Bringing home the new A350

Fuel surcharges, however, continue to rankle customers, even though oil prices have fallen sharply. In 2015, average jet fuel prices were down by $66 per barrel from the 2014 level. However, few premium airlines were able to cut airfares, due to high fuel-hedging ratios.

According to Thailand’s NATION newspaper, between April and September 2015, Singapore Airlines hedged 57 percent of its fuel requirements, at a weighted average of $106 per barrel. When jet fuel prices during the period dropped by 41.1 percent from a year earlier, it should have locked in over 1 billion Singapore dollars (25.5 billion baht) in cost savings. In reality, hedging eroded those savings by nearly half.

The situation could be better this year. According to the International Air Transport Association (IATA), a grouping of over 200 airlines, the average price of jet fuel is expected to fall further to $41.20 per barrel in 2016, offering a chance for airlines to save $104.6 billion in fuel expenditure.

There is no information on the hedging ratio at THAI, but it is believed to be high. Hedging became a norm when oil prices hit new highs after the global financial crisis. But most airlines are under pressure to cut airfares and other costs anyway to stay competitive.

Greater reliance on leasing for new aircraft acquisitions

Mr. Charamporn Jotikasthira, THAI President, also recently announced that the company has ordered 12 Airbus A350 XWB aircraft (Extra Wide Body), which will greatly modernize the fleet and maintain the airline’s quality standards and provide passengers with more convenience.

The first 2 aircraft, each with a price list of US$355.7 million, after an initial period flying on regional services between Bangkok and Chiang Mai, the aircraft will be deployed on long-haul flights, starting in September 2016.

New aircraft take their place in the THAI fleet

Currently, THAI has 23 Airbus aircraft in its fleet. The new Airbus A350 is among 14 planes purchased by THAI amid plans to offer new routes to Russia, China, and several countries in Europe. Of the 14 aircraft, 12 are Airbus A350 XWB and 2 are Boeing 787.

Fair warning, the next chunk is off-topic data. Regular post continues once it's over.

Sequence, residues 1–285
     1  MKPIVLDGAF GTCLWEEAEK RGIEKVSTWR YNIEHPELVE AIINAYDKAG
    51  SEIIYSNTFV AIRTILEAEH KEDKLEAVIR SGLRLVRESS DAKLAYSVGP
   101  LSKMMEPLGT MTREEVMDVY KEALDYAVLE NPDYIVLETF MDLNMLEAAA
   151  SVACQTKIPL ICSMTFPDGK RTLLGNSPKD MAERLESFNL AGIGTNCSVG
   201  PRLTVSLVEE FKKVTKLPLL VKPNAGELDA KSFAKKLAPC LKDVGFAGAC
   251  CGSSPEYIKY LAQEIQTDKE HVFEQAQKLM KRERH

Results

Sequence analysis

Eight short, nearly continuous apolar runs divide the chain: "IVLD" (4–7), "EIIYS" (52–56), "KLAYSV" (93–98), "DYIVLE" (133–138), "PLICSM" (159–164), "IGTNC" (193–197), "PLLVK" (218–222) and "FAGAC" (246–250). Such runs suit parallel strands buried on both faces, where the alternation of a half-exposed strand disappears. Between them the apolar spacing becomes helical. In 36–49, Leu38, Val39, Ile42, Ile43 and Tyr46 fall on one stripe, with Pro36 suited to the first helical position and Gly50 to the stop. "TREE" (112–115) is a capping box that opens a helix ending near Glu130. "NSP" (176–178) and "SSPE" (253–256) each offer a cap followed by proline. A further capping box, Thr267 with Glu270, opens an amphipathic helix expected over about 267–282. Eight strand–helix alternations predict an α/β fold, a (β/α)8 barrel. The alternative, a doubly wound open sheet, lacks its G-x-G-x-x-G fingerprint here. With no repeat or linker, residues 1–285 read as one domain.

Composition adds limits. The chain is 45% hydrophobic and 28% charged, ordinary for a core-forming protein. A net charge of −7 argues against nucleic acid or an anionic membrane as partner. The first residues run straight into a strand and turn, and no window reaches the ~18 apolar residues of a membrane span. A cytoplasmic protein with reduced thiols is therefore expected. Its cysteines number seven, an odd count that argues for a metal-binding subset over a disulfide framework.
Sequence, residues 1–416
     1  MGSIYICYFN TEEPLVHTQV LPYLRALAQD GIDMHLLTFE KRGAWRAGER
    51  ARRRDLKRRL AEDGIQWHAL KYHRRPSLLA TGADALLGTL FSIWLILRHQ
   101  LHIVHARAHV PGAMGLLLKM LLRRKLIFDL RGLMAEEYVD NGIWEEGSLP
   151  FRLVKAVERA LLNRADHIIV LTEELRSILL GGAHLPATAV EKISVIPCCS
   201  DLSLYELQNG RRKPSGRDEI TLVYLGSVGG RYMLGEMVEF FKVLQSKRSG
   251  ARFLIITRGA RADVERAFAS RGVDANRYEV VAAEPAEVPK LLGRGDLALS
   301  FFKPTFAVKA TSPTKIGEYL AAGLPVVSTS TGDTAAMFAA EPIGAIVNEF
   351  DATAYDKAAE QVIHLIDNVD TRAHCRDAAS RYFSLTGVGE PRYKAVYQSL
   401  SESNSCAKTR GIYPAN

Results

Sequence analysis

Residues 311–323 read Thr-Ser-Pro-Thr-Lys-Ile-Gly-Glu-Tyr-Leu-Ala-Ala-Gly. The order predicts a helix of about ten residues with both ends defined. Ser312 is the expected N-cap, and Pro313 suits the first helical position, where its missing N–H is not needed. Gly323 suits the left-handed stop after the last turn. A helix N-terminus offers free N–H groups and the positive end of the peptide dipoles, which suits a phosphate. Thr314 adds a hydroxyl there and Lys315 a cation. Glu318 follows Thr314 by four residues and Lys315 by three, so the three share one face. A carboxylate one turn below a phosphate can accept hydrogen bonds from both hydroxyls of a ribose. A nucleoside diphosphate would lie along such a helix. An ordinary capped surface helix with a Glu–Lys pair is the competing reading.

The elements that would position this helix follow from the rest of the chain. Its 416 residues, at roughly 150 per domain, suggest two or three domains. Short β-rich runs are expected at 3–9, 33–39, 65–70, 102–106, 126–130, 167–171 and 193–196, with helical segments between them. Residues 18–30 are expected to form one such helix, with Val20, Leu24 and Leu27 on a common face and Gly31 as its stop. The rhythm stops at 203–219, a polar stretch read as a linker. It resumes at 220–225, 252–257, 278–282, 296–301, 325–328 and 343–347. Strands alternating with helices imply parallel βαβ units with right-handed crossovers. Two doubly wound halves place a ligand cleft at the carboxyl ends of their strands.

Melbourne will be the first city to welcome Thai Airways International’s brand new Airbus A350 XWB aircraft and Sydney next year.

Thai Airways will operate a daily Melbourne-Bangkok service aboard the Airbus A350 XWB, replacing one of the Boeing 777-200s the airline currently flies on the route. This is the precursor to a twice-daily A350 XWB Melbourne-Bangkok service when the airline takes delivery of its second A350 later in September. All 12 brand new A350 will be in service within 2 years.

The A350 XWB is branded the world’s most advanced twin-aisle aircraft, Airbus’ response to the Boeing 787 Dreamliner. Along with the A380, they are a vital piece of the jig-saw in the future to bring back THAI to the pinnacle it once enjoyed for so many years.

THAI’s strategies to bring passengers back include an upgraded first and business class service, new routes such as a direct Frankfurt-Phuket service, a resumption of the service to Moscow, and the revival of flights to Tehran.

THAI doesn’t under estimate the importance of it’s new fleet

Another issue that THAI must address is air safety. In March last year, Thai airlines were placed under “special measures” by the International Civil Aviation Organization (ICAO) prompting Japan and South Korea to block new flights from Thai-registered airlines.

This forced airlines, including budget carriers Thai AirAsia X, NokScoot, and Asia Atlantic Airline, to cancel extra flights that they had been planning. THAI was also affected.

The audit revealed some safety concerns, primarily relating to air operator certification procedures. Thailand provided the ICAO with the details of its corrective actions and mitigation measures and the ICAO is working with Thai authorities.

A spokesman for the European Aviation Safety Agency said, “We inspected in October last year THAI and those airlines in Thailand which applied for a Third Country Operators (TCO) authorization – authorization that any non-European Union airline willing to fly in and out of the EU must get and they were OK.”

The author, Andrew J. Wood, is a professional hotelier, Skalleague, travel writer, and director of WDA Co. Ltd (Tours/Travel/MICE). He has over 35 years of hospitality and travel experience, and is a graduate of Napier University, Edinburgh (Hospitality Studies).